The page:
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Julie James MS, Minister for Climate Change

First published:
28 November 2023
Last updated:

The UK Government introduced the Leasehold and Freehold Reform Bill into UK Parliament on 27 November.

The Bill will legislate for England and for Wales. It is my view that working together with the UK Government represents the best way to achieve these changes. In doing so we will be able to reduce complexity, maximise the clarity and coherence of the law and ensure the new fairer reformed system applies to all.

I will be laying a Legislative Consent Memorandum in respect of the Bill, given housing is within the legislative competence of the Senedd.

The Bill addresses serious deficiencies in the operation of leasehold which have long blighted homeowners in England and Wales and implements many of the recommendations of the Law Commission’s reports on Enfranchisement and the Right to Manage. This will make it simpler, easier and cheaper for leaseholders to exercise these important rights. Additionally, the Bill introduces requirements for enhanced transparency in the operation of service charges, reforms to the legal costs regime and a ban on taking commissions for arranging buildings insurance paid for by leaseholders. Together, these will ensure that leaseholders can much more easily understand what their service charges pay for and can better challenge poor practice where it occurs.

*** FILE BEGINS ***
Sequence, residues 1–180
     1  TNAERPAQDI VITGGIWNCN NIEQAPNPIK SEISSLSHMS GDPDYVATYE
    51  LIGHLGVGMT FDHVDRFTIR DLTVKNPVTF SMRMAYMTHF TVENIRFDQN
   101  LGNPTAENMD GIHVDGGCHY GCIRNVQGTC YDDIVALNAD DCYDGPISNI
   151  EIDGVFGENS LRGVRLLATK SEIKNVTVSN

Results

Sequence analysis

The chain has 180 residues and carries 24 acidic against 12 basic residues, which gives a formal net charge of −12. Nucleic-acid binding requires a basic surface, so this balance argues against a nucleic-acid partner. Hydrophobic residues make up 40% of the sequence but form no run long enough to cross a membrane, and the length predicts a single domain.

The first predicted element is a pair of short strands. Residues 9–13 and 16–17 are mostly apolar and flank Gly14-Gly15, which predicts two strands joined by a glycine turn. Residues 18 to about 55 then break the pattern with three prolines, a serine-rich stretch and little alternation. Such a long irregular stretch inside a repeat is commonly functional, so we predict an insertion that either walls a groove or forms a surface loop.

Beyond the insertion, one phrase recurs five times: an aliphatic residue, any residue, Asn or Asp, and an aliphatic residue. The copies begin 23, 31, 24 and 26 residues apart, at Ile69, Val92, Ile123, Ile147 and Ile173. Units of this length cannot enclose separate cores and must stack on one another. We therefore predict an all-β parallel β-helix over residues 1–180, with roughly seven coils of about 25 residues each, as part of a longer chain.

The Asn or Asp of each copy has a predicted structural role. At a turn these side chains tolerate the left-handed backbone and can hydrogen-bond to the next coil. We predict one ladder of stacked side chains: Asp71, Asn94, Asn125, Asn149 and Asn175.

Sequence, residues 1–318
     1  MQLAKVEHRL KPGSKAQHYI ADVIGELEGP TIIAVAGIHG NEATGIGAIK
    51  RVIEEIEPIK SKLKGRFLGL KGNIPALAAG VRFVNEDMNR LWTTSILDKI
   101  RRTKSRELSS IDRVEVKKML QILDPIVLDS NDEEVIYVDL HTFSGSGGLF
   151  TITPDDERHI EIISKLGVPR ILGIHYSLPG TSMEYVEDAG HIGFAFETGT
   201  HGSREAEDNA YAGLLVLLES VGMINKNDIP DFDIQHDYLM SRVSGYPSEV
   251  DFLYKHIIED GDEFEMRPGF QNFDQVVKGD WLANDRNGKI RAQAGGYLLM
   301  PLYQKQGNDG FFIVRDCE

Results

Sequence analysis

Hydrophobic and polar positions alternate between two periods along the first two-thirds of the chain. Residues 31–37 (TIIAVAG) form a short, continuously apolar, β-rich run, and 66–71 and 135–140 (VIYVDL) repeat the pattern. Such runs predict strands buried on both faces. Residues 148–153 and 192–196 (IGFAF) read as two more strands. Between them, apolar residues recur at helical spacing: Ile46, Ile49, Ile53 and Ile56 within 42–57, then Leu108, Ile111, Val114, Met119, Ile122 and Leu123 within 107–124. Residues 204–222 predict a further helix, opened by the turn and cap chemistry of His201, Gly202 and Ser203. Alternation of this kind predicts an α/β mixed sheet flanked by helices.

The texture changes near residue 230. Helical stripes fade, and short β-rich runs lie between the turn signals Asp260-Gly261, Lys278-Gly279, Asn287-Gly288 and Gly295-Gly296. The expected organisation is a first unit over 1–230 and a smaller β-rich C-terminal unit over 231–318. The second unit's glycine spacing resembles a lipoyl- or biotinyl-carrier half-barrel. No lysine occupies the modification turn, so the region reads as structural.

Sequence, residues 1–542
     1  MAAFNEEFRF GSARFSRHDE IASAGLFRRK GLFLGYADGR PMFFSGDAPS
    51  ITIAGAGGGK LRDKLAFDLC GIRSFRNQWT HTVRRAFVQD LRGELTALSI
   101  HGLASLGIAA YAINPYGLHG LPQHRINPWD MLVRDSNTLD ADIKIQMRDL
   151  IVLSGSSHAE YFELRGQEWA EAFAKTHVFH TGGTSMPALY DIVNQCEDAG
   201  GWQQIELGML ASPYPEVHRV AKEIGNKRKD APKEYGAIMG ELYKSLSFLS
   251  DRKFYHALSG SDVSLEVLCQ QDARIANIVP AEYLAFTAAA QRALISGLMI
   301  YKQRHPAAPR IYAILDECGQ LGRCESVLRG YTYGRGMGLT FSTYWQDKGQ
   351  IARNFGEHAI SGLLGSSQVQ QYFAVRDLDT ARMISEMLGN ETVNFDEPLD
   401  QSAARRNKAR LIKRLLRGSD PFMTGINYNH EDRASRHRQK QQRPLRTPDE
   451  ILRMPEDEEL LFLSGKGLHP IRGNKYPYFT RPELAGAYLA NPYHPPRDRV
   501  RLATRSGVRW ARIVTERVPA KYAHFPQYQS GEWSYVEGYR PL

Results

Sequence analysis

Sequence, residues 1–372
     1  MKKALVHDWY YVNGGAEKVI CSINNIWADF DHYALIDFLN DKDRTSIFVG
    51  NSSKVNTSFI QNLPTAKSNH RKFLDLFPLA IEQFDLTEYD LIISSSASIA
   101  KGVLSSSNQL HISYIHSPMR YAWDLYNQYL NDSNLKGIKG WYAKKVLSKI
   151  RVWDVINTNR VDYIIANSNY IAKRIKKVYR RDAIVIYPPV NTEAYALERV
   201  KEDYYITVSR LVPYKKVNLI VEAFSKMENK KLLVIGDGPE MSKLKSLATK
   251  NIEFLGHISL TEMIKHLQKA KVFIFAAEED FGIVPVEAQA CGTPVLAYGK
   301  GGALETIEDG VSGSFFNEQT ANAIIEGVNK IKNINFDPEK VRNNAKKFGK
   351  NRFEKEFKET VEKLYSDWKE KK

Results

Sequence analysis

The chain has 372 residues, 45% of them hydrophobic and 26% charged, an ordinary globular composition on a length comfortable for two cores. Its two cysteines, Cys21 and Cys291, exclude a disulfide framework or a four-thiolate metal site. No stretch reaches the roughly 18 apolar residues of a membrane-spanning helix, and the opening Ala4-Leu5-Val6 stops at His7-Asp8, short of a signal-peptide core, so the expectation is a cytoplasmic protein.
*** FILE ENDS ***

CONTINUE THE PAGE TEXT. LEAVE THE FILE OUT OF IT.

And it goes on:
Furthermore, this Bill introduces much needed protections for freeholders subject to estate management charges. These charges often apply on housing developments where  maintenance arrangements for open spaces and facilities must be paid for by homeowners. My call for evidence in 2020 revealed many instances of poor practice in the operation of such charges. I am pleased to see that the UK Government has acted on my request that they fulfil their commitments to address the situation of freeholders on these estates. Until this point, homeowners subject to the charges have had minimal legal protection. This Bill will address that deficit by requiring transparency in the levying of charges and by introducing a right for freeholders to challenge their reasonableness via the tribunal.